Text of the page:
As the end of the year approaches and 2013 looms ahead, many small business owners are worried about the fiscal cliff and how it’ll impact their businesses.  If President Barack Obama and Congress do not come to a decision before December 31st, nearly 90 percent of the country’s average taxpayer will pay up to $3,500 in taxes, severely hurting many small businesses in the process.

What is the fiscal cliff?

The Fiscal cliff is the shorthand term coined by Ben Bernanke, chairman of the Federal Reserve, to describe the problem that the U.S. government will face at the end of 2012, when the terms of the Budget Control Act of 2011 are scheduled to go into effect. According to The New York Times, at midnight on December 31, 2012, “More than $500 billion in tax increases and across-the-board spending cuts scheduled to take effect after Jan. 1 — for fiscal year 2013 alone.”

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As a result taxes would rise for every taxpayer and many businesses. The New York Times also reported that, “28 million taxpayers — about one in five, all middle- to upper-income — would have to pay the alternative minimum tax in 2012, raising their taxes more.”

Financing for most federal programs, military and domestic, would be cut. Medicare payments to doctors would be reduced 27 percent, or $11 billion, and the biggest cut would be $65 billion, enacted across the board for most federal programs over the last nine months of fiscal year 2013, from January through September.

How will this affect my business?

The Congressional Budget Office (CBO) estimates that if these policies go into effect, the country will experience another recession. Thomas Kenny of  says, “While the combination of higher taxes and spending cuts would reduce the deficit by an estimated $560 billion, the CBO estimates that the policies set to go into effect would cut gross domestic product (GDP) by four percentage points in 2013, sending the economy into a recession (i.e., negative growth). At the same time, it predicts unemployment would rise by almost a full percentage point, with a loss of about two million jobs.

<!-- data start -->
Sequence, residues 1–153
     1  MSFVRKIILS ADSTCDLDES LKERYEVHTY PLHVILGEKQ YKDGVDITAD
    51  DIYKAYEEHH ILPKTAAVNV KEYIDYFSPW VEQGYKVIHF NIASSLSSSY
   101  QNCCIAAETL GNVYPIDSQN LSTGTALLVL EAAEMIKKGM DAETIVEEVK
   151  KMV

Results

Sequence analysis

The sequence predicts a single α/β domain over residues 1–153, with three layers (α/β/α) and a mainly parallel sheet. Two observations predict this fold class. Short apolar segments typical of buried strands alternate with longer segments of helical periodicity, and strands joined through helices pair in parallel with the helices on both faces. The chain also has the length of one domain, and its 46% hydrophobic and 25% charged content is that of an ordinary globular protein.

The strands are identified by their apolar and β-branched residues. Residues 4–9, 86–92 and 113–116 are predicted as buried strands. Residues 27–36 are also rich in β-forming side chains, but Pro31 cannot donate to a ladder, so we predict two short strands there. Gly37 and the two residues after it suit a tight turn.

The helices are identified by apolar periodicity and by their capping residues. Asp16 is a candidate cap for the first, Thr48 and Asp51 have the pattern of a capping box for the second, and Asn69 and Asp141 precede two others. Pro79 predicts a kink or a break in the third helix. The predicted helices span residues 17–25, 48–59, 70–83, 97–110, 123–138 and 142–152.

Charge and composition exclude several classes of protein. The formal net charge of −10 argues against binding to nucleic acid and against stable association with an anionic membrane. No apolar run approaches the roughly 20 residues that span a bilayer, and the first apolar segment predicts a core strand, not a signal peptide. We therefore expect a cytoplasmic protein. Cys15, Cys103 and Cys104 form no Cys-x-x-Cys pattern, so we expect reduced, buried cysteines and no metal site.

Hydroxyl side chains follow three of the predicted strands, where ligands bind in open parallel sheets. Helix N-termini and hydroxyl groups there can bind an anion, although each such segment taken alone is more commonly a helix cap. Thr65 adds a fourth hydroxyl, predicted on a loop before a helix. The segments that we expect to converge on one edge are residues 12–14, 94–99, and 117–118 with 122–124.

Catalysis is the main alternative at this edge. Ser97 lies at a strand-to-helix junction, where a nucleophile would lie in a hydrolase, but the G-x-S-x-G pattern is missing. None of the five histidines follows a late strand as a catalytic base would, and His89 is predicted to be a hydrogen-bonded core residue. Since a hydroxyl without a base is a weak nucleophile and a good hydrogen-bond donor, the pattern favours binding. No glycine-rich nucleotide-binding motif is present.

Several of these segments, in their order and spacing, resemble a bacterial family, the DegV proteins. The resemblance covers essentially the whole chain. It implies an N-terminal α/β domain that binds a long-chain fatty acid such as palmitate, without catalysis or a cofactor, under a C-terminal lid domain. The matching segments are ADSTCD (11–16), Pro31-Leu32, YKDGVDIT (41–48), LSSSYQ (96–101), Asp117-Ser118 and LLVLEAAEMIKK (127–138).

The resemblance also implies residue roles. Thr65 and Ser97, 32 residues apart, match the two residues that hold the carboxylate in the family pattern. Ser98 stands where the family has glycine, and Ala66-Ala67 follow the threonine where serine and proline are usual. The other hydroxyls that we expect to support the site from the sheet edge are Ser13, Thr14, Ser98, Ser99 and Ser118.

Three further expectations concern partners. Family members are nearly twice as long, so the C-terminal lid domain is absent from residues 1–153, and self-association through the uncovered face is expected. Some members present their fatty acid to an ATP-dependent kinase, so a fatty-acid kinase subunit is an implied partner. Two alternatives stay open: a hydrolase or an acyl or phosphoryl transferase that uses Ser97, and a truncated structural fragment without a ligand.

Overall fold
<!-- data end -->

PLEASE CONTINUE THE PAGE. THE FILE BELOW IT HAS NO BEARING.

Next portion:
A possible recession will have a trickledown effect on small businesses. The CBO anticipates that a lack of resolution will cause businesses to begin changing their spending in anticipation of the changes, possible reducing GDP before 2012 is even over. A survey of 833 business owners, conducted by The Wall Street Journal found that 47 percent of small-business owners and chief executives are skeptical that the government will be able to avoid tax increases and deep spending cuts.

Neither the Democrats nor Republicans favor an expanded alternative minimum tax or Medicare cuts for doctors. The issue in preventing those outcomes is where to find offsetting savings to avoid adding to annual deficits. Additionally, both parties want to extend all of the Bush tax cuts for 98 percent of taxpayers — on income below $250,000 for couples and on income below $200,000 for individuals. Their main disagreement is on the Bush era tax cuts on income above $250,000.

So, will the government come to an agreement in time? Many small business owners are frustrated, but hopeful that the President and Congress will act in the best interest of the country at a very vulnerable time.

I would like to thank Kymberly Sheckleford for preparing this article with me. Kymberly is a Marketing Analyst at C2G Resourcing a subsidiary of Consultants 2 Go, LLC. Don’t forget, you can email me at with any questions you might have and I’ll be glad to answer them. You can also follow me and my business on Twitter @peggymchale and @consultants2go.